What is new with Breast Cancer Screenings?

Colleen O’Kelly Priddy, MD, FACS

Breast self-exams can be intimidating–sometimes it feels like our breasts are entirely made of lumps and bumps!  It can be hard to understand what you’re really looking for with a self-exam.  The good news is that lumpy breasts are actually normal, and what is most important is that you are able to identify if something changes from your normal (lumpy!) baseline.  This is why we now encourage breast self-awareness at all times in your cycle.  The specific things that breast surgeons look for are: skin changes (thickening, redness, texture change like an orange peel); new or different lumps (that feel different than the rest of your breast tissue or that you haven’t noticed before); nipple discharge (clear or bloody discharge from a single duct is more concerning than milky or green discharge from both sides–yes, nipple discharge can be green!); changes in the shape or contour of your breast (are any areas bulging out or puckering in? Did your nipple used to be an outie but now it’s an innie?).

You don’t need to do a formal, regimented exam.  This isn’t supposed to be difficult or scary.  We recommend simply paying attention to what your breasts normally feel like while you’re in the shower, and look at yourself in the mirror occasionally with arms down and arms raised.  The goal is for overall awareness of your breasts and what your baseline is, so you can identify changes if they occur.  And remember, most of these things can have very benign causes, too.  Not all breast symptoms mean cancer.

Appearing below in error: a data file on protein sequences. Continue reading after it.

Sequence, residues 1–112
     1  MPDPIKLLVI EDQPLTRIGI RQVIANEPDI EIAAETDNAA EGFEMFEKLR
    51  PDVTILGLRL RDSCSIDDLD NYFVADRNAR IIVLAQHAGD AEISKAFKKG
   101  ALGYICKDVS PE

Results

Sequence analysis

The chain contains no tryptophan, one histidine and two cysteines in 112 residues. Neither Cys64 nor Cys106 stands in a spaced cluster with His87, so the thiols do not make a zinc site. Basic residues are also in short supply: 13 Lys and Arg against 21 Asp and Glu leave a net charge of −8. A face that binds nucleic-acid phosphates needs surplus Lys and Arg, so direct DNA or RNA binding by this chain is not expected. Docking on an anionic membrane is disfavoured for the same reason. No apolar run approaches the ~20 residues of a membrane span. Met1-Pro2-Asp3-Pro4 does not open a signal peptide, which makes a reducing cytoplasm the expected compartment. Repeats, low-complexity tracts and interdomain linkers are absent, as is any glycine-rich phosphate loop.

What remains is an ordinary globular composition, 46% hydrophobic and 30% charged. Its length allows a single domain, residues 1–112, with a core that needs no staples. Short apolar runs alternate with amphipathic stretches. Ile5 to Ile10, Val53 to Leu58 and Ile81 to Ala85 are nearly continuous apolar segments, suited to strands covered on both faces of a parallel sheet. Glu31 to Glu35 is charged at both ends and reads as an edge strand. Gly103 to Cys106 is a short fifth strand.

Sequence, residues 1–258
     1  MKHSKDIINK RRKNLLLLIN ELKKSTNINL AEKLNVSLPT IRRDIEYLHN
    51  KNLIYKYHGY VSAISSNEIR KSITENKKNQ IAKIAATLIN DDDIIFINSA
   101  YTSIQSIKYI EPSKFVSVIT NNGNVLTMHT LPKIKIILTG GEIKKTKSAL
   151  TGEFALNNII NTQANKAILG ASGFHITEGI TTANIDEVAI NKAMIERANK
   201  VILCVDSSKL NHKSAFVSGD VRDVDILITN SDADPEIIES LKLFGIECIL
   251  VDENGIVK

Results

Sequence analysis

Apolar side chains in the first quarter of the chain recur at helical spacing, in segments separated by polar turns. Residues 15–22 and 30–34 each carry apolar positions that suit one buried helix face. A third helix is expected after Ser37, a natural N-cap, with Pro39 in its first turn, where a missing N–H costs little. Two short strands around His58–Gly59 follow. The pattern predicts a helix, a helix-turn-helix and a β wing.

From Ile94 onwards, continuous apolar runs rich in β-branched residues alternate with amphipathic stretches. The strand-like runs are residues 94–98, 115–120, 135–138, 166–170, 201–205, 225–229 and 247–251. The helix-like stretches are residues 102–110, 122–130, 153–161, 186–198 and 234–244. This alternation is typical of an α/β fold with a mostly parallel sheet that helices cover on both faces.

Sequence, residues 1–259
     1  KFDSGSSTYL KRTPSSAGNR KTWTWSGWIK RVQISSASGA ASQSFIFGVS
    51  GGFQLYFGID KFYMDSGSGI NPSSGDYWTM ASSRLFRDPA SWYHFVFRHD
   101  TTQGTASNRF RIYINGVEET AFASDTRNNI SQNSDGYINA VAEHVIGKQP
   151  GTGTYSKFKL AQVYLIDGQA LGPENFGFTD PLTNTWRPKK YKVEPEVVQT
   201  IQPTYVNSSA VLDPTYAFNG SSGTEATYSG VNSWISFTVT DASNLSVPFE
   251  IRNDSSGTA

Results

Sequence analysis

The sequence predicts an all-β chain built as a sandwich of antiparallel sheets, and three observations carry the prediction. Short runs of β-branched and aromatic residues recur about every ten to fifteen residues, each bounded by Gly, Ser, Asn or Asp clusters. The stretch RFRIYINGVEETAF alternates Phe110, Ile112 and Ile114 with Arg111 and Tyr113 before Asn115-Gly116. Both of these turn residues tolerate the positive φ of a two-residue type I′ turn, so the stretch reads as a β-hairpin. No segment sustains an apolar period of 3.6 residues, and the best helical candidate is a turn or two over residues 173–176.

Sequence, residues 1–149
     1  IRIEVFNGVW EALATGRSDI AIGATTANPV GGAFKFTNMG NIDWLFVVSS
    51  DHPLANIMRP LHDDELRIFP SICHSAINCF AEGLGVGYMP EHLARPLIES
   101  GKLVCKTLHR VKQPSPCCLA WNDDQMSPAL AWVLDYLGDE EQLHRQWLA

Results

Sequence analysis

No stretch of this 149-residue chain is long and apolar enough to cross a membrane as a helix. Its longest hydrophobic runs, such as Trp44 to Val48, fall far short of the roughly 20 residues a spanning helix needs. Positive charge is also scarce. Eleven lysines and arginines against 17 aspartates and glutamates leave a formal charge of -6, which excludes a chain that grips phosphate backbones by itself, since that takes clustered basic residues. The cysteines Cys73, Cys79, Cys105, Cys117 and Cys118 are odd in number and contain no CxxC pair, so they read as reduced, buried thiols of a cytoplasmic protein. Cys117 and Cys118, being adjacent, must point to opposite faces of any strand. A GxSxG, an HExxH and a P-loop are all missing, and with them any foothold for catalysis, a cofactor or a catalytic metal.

With any changes or concerns that don’t go away, though, call your doctor to get a workup.  If you’re worried, we are too–and the sooner you get it worked up, the sooner you can either get reassurance that everything is okay or get treatment started.  The earlier we catch breast cancer and start treatment, the better!  Early detection really does save lives, so don’t forget to get your screening mammograms starting at age 40 and continue every year for average-risk women.  If you have a family history of breast or ovarian cancer, a prior history of “precancerous” or “atypical” cells on breast biopsy, or a known breast cancer-associated genetic mutation, you may qualify for high-risk screening through the Breast Center at Mission Hope.  Call 805-346-3456 with any questions.

Dr. O’Kelly is board certified in General Surgery and subspecializes in Breast Surgical Oncology. With years of training and education focused on breast disease, she has an in-depth knowledge of cancer biology, genetics and the most advanced surgical options to help patients achieve the best possible results and can provide novel and innovative treatments for breast cancer patients. Dr. O’Kelly Priddy can be reached at 805-346-3456.

Have questions about breast screening? Need help getting an appointment?

Call Julie Neiggmann, MSN, RN, Breast Cancer Nurse Navigator Santa Maria at 805-346-3405 or Carol Dichmann, RN, BSN, Oncology Nurse Navigator Arroyo Grande

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